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Middle East
Israel PM casts doubt on 2008 deal
Olmert's remarks that a deal on Jerusalem's future is impossible in 2008 threaten talks.
Last Modified: 28 Jul 2008 16:55 GMT
Palestinians make up about one third of Jerusalem's population [AFP]

Israel's prime minister has dismissed the chances of reaching any deal with the Palestinians theis year on the future of the city of Jerusalem.

The two sides in November set a target for a final peace deal by the end of 2008, but with Palestinians seeing Jerusalem as an integral part of a future state, a compromise seems unlikely. 

"I don't believe that it's possible to reach an agreement on Jerusalem before the end of the year," an Israel official, speaking on condition of anonymity, quoted Olmert as telling an Israeli parliamentary committee on Monday.
 
"But on the other core issues, the gaps are not dramatic."

Israeli officials said Olmert envisages agreeing a joint document with Mahmoud Abbas, the Palestinian president, that sets out borders for a future Palestinian state, security arrangements and a way to deal with millions of Palestinian refugees, but leaves out the contentious issue of Jerusalem.

'Red line' issue

However, Nabil Abu Rdainah, a spokesman for Mahmoud Abbas, the Palestinian president, said that Jerusalem was a "red line" for Palestinians, which expects to make east Jerusalem the capital of a Palestinian state.

"We will not accept any agreement that excludes Jerusalem," he said.

"We still have six months, and that means Israel isn't serious about reaching an agreement according to Annapolis and Bush's vision."

The end of year deadline was set at a US-brokered meeting between Olmert and Abbas in Annapolis, Maryland last November. Earlier this month, the Israeli prime minister said the two sides had never been so close to a deal.

East Jerusalem was captured when Israeli forces pushed out Jordanian troops during the 1967 war, however its annexation has never been recognised by the international community.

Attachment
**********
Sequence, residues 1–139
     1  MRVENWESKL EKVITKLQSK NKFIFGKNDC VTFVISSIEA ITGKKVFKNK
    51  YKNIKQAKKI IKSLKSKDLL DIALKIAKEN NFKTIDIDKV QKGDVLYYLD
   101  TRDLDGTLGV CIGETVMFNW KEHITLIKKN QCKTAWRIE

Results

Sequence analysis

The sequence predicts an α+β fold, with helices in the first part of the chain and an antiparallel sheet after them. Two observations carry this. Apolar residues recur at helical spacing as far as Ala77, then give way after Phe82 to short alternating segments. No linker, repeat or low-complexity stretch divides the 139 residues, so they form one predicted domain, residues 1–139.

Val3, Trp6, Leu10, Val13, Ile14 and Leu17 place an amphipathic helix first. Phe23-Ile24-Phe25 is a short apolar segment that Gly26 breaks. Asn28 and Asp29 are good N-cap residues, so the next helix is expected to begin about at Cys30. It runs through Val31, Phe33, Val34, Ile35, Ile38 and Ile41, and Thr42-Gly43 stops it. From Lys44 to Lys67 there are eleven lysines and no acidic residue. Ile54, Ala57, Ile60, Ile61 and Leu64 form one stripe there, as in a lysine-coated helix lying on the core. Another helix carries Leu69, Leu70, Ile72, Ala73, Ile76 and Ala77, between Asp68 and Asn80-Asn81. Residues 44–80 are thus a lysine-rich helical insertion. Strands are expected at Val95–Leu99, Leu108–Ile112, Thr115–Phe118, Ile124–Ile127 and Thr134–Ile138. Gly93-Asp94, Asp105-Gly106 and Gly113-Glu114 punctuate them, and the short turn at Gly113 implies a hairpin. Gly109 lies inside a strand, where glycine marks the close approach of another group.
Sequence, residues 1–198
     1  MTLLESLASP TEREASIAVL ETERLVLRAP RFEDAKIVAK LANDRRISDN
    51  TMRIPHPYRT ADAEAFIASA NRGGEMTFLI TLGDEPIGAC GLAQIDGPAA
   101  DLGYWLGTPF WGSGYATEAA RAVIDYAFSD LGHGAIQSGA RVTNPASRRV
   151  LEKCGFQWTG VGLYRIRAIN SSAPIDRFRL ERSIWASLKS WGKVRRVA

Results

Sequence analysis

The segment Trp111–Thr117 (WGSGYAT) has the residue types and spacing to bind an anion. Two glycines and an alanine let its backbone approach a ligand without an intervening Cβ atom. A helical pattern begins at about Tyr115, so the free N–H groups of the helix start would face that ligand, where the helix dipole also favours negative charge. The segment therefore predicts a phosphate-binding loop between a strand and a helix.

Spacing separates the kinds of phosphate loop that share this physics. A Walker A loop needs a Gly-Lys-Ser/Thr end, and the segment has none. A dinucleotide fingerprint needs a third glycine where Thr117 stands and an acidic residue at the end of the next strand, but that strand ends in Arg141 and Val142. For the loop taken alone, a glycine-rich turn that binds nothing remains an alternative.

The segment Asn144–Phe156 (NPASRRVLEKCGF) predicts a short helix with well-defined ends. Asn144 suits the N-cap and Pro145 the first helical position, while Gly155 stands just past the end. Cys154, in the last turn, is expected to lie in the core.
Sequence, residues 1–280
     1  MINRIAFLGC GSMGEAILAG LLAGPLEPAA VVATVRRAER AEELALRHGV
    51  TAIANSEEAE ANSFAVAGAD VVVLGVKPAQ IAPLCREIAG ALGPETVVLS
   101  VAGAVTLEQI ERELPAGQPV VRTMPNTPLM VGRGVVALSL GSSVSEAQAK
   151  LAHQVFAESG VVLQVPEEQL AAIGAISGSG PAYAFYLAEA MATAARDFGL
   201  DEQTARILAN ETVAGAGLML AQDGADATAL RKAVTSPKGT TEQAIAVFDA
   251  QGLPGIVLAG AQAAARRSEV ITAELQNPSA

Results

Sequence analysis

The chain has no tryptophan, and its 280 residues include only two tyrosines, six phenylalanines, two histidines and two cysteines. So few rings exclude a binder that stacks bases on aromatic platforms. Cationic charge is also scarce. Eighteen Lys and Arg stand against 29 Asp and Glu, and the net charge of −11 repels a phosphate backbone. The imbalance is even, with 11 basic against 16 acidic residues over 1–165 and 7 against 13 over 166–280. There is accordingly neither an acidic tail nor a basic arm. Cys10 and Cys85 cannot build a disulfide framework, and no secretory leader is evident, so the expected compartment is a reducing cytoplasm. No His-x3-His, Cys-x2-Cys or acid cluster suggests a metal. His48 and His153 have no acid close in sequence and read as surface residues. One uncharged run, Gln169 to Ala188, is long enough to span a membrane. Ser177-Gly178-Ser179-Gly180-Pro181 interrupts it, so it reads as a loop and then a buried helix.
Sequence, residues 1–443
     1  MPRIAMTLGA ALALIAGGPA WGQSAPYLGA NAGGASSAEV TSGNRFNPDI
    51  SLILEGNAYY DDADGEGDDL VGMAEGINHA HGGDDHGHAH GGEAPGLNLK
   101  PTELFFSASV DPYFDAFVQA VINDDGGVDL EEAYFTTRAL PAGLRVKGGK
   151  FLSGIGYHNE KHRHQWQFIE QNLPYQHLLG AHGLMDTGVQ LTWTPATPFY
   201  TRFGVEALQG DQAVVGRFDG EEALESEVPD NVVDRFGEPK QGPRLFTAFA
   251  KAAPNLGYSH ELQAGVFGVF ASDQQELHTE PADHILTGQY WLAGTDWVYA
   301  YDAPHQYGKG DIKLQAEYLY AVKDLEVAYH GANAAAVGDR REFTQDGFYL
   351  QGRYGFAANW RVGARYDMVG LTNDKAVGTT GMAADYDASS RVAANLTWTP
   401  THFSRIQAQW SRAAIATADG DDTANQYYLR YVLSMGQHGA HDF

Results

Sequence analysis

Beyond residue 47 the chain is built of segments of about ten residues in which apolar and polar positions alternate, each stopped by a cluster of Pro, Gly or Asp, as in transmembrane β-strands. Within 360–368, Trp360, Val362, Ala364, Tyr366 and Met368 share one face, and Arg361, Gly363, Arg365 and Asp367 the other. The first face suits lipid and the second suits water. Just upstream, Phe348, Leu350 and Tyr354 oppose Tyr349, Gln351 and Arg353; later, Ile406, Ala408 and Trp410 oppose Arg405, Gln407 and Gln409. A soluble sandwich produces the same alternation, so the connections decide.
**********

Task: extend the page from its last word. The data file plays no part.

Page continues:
Palestinians account for about one-third of the 750,000 people who live in Jerusalem. They are not Israeli citizens, but have access to Israeli social benefits and can move throughout Israel, unlike the Palestinians of the West Bank and Gaza.

Security concern

In his remarks to the Foreign Affairs and Defence Committee, Olmert suggested that Israeli control of Jerusalem was a security issue.

"Whoever thinks the basic pattern of life in Jerusalem can continue with 270,000 Arabs in east Jerusalem must take into account that there will be bulldozers, trucks and private cars, and no way of preventing terror attacks of this kind," Olmert said.

East Jerusalem residents "can move freely around the entire country and there is no way of knowing what they might do," the official quoted him as saying.

Two Palestinian construction workers recently carried out attacked where earth-moving vehicle were used to ram into into others vehicles in Jerusalem.

Mustapha Barghouti, an independent Palestinian MP, said that Olmert's remarks showed that Israel was not serious about peace.

"Olmert's declaration confirms the absence of an Israeli partner for peace at the moment and the lack of seriousness on the side of the Israeli government to achieve negotiated results," he said.

"It also proves that Annapolis process has failed completely because the US does not want to pressure Israel to abide by the principles of the Quartet, by the road map, and the implementation of a real peace process."

However, the White House said on Monday that it was continuing to press both sides to reach a peace deal.

"I think we've always said that we wouldn't be able to get a final peace deal in terms of everything being resolved, but we would have this way forward that would outline all the steps that they would have to take to move forward," Dana Perino, White House spokeswoman, said.

Condoleezza Rice, the US secretary of state, will host a three-way meeting with Israeli and Palestinian negotiating teams in Washington later this week, but Israeli officials have played down the chances of a breakthrough.

Source:
Agencies
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